Indoor Air Quality

In developed societies, humans spend the vast majority of their time indoors. Building materials emit a wide range of air pollutants and their precursors into the indoor environment, as do the animals and pests that share these buildings. Domestic activities,such as cooking and cleaning, contribute to household pollutants, as do a wide range of commercial and industrial emissions in the workplace.

Global Climate Change

Anthropogenic emissions are causing enormous and long-lasting changes in the composition of the atmosphere, which in turn impacts the Earth’s climate. UC Davis students, staff, and faculty work on understanding the components and workings of our climate system and how it affects the world in which we live.

Agricultural Emissions

While agriculture provides the food we eat, it also affects the air we breathe. Examples of research include measuring the amounts of smog-forming chemicals emitted by cattle, designing equipment that reduces dust from harvesting, and exploring the potential of agriculture practices to mitigate climate change.

Visibility Degradation

From the haze that sometimes obscures vistas in our parks, to the smog that frequently shrouds our largest cities, the most noticeable sign of air pollution is poor visibility.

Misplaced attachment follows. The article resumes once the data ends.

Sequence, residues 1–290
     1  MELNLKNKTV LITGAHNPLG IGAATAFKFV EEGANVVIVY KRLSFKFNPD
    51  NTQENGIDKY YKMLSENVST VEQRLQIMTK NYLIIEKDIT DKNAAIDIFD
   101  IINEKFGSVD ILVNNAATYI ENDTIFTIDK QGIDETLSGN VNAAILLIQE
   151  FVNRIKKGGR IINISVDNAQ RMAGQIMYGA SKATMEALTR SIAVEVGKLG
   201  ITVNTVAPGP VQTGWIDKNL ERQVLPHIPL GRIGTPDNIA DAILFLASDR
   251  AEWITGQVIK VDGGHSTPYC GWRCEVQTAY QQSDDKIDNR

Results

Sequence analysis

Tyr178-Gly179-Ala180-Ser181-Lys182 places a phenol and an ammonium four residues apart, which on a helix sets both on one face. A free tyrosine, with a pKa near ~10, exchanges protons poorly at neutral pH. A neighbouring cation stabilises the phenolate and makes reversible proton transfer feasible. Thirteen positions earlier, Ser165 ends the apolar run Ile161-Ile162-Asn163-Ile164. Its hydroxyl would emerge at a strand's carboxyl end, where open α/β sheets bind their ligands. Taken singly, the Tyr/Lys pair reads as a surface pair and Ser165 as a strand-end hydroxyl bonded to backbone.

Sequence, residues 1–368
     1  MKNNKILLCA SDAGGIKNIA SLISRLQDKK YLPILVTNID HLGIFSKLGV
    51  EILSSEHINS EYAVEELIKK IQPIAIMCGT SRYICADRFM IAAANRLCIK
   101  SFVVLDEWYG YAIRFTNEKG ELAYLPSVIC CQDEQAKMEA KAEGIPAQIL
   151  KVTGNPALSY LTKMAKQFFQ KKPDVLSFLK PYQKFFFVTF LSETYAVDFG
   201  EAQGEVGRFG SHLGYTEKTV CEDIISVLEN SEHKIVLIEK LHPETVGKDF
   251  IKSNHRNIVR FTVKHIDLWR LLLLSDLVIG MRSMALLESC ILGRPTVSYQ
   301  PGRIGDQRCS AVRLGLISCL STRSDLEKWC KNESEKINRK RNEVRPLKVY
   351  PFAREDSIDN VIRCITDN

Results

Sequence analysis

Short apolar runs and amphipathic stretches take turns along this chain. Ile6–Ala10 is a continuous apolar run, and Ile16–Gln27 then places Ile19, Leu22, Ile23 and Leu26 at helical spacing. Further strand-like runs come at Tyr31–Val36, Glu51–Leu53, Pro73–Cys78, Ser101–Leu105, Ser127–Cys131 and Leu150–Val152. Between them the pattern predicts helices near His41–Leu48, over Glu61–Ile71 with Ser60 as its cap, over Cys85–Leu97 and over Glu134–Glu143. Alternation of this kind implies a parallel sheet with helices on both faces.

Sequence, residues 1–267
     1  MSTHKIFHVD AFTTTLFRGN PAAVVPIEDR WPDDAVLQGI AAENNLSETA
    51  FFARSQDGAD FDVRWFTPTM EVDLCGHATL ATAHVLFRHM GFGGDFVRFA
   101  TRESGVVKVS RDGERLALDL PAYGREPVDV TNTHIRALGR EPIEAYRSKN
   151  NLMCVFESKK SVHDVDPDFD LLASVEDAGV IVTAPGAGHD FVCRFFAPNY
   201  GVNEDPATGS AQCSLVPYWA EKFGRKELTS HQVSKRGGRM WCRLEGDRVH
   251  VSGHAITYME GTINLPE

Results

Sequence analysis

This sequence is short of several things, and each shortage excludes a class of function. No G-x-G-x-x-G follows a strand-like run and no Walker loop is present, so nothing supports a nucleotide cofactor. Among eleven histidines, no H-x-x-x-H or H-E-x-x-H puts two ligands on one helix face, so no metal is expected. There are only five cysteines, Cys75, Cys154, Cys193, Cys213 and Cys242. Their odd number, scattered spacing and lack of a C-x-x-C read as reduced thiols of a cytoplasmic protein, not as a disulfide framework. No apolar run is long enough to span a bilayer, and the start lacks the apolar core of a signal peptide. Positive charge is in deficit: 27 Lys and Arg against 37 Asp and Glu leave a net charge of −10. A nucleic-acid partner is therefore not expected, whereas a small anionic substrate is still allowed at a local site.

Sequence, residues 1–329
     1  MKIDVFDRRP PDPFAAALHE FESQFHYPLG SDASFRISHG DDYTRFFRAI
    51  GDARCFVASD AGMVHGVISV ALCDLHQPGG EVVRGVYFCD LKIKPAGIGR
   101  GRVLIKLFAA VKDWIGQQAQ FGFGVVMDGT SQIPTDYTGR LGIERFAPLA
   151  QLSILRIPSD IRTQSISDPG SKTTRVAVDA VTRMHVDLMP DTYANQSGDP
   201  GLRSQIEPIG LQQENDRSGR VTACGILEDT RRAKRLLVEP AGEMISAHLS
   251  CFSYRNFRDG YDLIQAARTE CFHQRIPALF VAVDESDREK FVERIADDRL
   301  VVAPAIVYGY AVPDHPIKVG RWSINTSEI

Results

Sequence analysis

Urban and Regional Smog

Smog, a complex mixture of pollutant gases and particles, causes a myriad of health problems in addition to reducing visibility and damaging crops and ecosystems. Researchers at UC Davis measure the concentrations of the components of smog in California and around the world, including our role in the US EPA’s Chemical Speciation Network.

Transportation

Emissions from vehicles used for transportation are one of the greatest sources of air pollutants and greenhouse gases. Engineers, social scientists, and ecologists work together to solve these multi-disciplinary problems.

Air Pollution and Health

Air pollution is one of the most dangerous environmental problems, causing many adverse health effects and responsible for 50,000 deaths in the U.S. each year. The US National Ambient Air Quality Standards are based primarily on the atmospheric concentration of air pollutants, such as ozone and particulate matter, which cause adverse health effects.